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    Analysis of Cloud Computing Architectures Essay

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    Laptops, PDA, and Smoothness’s). Computational power and battery life s one of the major issues of these mobile devices. To overcome these problems clones of mobile devices are created on cloud servers. In this paper, we define clone cloud architecture and brutalized screen architecture in cloud computing. Clone Cloud is for the seamless use of ambient computation to augment mobile device applications, making them fast and energy efficient and in a Brutalized Screen; screen rendering is done in the cloud and delivered as images to the client for interactive display.

    This enables thin-client mobile devices to enjoy many computationally intensive and graphically rich services. Keywords: Cloud Computing, Service Models, Clone Cloud, Brutalized Screen l. Introduction Cloud Computing has been one of the most booming technology among the professional of Information Technology and also the Business due to its Elasticity in the space occupation and also the better support for the software and the Infrastructure it attracts more technology specialist towards it.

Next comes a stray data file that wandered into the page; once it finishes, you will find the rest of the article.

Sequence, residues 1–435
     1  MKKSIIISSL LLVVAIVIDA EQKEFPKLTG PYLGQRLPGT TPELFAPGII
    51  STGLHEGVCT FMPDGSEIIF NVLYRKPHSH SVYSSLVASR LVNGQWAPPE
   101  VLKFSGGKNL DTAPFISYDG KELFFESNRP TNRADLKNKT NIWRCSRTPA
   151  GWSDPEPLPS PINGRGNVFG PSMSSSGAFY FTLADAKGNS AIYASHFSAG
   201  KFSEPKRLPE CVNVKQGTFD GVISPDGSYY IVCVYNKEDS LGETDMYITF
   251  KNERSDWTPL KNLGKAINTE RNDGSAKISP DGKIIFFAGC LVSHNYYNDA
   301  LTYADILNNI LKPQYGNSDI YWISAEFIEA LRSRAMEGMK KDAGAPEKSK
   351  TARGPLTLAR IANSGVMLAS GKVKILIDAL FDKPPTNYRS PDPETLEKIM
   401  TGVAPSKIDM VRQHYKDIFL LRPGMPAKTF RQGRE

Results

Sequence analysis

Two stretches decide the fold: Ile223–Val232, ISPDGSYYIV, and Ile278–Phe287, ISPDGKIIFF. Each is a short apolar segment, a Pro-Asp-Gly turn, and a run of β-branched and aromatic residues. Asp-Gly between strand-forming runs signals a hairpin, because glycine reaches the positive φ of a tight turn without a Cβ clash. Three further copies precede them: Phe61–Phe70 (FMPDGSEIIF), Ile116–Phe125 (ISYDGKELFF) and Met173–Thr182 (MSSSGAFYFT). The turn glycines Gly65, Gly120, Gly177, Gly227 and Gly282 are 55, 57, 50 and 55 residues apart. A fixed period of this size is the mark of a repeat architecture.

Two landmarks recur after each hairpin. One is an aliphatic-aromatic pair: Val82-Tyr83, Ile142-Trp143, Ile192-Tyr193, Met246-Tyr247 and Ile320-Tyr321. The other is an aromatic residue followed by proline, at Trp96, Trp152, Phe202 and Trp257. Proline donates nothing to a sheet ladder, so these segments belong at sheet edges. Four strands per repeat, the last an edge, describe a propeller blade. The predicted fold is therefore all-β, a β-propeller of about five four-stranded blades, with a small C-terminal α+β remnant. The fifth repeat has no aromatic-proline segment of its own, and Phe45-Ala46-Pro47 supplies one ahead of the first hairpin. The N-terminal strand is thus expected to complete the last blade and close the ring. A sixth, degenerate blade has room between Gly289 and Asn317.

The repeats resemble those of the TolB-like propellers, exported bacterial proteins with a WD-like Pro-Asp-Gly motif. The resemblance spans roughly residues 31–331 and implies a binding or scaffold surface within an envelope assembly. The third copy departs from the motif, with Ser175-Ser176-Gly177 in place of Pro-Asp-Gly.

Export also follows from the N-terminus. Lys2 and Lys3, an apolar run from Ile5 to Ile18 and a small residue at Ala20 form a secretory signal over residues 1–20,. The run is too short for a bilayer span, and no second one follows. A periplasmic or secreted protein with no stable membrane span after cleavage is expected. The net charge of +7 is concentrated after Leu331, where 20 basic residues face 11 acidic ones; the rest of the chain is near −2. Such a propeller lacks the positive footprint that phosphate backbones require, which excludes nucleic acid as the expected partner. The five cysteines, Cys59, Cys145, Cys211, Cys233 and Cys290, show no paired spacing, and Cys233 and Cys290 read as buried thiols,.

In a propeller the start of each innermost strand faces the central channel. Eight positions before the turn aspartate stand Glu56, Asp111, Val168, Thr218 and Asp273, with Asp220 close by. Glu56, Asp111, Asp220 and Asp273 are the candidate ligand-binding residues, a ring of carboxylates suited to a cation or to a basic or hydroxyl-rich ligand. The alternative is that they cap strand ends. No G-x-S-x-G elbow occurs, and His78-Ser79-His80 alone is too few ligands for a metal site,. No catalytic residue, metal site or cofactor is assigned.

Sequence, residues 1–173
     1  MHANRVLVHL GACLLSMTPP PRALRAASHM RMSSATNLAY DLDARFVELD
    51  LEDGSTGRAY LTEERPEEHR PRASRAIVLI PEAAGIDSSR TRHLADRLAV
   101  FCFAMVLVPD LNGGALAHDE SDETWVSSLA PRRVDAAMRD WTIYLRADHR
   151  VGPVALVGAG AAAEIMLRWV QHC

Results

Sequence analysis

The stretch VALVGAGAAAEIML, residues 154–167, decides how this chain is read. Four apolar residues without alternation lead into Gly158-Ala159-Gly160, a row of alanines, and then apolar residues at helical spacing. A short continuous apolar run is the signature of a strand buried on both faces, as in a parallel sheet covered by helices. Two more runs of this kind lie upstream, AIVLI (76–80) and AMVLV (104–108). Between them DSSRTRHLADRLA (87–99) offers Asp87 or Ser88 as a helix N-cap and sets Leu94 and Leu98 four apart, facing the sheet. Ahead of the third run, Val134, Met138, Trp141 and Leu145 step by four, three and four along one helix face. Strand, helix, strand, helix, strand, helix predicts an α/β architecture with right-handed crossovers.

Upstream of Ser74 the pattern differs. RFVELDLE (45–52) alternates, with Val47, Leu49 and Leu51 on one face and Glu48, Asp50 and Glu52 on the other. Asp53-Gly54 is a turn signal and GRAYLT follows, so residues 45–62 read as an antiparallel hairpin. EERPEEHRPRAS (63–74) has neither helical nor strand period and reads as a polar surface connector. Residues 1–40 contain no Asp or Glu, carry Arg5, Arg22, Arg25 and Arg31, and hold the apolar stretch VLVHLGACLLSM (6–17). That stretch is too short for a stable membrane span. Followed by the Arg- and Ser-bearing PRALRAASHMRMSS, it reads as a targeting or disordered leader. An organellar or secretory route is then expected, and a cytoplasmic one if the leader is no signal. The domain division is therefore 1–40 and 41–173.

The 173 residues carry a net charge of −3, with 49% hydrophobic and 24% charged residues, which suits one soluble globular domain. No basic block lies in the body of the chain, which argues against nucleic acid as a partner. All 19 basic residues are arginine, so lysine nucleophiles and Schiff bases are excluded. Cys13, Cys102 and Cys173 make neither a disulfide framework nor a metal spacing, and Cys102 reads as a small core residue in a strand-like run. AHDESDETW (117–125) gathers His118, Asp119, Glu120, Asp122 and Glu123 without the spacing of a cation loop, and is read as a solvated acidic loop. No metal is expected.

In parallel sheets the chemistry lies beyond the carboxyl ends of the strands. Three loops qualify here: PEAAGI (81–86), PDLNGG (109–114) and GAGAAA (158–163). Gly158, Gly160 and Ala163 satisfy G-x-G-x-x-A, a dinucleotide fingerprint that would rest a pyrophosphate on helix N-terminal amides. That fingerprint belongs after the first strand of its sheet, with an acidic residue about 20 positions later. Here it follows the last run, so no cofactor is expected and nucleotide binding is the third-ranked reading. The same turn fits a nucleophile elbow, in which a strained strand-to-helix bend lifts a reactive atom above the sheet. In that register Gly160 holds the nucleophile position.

Cloud plays the vital role in the Smart Economy, and the possible regulatory changes required in implementing better Applications by using the potential of Cloud The main advantage of the cloud is that it gives the low cost implementation for infrastructure and some higher business units like Google, MM, and Microsoft offer the cloud for Free of cost for the Education system, so it can be used in right way which will provide high quality education [3]. A.

    Cloud Computing Service Models Cloud computing can be classified by the model of service it offers into one of three different groups. These will be described using the AAAS taxonomy, first used by Scott Maxwell in 2006, where “X” is Software, Platform, or Infrastructure, and the final “S” is for Service. It is important to note, as shown in Figure, that AAAS is built on Pass, and the latter on alas. Hence, this is not an excluding approach to classification, but rather it concerns the level of the service provided.